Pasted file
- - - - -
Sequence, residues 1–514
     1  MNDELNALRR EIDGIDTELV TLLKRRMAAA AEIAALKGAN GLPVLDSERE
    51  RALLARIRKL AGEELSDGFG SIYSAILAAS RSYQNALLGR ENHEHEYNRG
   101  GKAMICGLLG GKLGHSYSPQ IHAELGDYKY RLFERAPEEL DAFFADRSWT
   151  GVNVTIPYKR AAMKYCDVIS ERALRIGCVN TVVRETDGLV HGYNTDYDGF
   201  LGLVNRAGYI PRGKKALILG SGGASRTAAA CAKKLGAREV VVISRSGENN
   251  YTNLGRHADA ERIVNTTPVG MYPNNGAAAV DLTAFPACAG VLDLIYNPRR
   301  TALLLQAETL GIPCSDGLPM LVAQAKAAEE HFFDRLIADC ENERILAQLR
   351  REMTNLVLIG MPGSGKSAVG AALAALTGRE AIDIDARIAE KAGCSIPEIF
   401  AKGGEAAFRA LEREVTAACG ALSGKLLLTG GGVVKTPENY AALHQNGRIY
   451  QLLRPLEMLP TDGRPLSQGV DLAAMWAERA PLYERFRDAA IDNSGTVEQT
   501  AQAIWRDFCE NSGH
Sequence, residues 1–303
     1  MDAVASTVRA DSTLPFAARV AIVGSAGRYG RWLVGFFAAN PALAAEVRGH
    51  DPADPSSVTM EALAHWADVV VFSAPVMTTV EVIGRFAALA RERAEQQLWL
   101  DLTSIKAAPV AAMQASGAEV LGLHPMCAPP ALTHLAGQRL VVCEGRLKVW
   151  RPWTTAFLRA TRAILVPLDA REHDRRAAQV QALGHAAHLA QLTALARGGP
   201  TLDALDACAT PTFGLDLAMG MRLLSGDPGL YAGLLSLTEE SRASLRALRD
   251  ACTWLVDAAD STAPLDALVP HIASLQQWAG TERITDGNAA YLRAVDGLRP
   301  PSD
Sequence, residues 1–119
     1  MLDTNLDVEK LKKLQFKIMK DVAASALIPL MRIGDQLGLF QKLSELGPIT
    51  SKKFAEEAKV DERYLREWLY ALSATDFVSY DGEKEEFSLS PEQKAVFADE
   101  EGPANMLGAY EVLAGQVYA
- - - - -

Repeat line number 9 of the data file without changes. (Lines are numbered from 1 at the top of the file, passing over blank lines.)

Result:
   351  REMTNLVLIG MPGSGKSAVG AALAALTGRE AIDIDARIAE KAGCSIPEIF